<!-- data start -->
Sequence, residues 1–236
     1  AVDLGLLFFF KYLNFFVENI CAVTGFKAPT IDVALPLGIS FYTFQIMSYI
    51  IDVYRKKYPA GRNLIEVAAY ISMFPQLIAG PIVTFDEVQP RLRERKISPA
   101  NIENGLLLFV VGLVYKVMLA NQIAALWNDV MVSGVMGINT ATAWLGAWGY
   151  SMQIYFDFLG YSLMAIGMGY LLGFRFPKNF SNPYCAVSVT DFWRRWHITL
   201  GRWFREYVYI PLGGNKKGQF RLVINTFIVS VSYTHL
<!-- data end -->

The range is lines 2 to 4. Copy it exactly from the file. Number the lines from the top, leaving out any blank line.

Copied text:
     1  AVDLGLLFFF KYLNFFVENI CAVTGFKAPT IDVALPLGIS FYTFQIMSYI
    51  IDVYRKKYPA GRNLIEVAAY ISMFPQLIAG PIVTFDEVQP RLRERKISPA
   101  NIENGLLLFV VGLVYKVMLA NQIAALWNDV MVSGVMGINT ATAWLGAWGY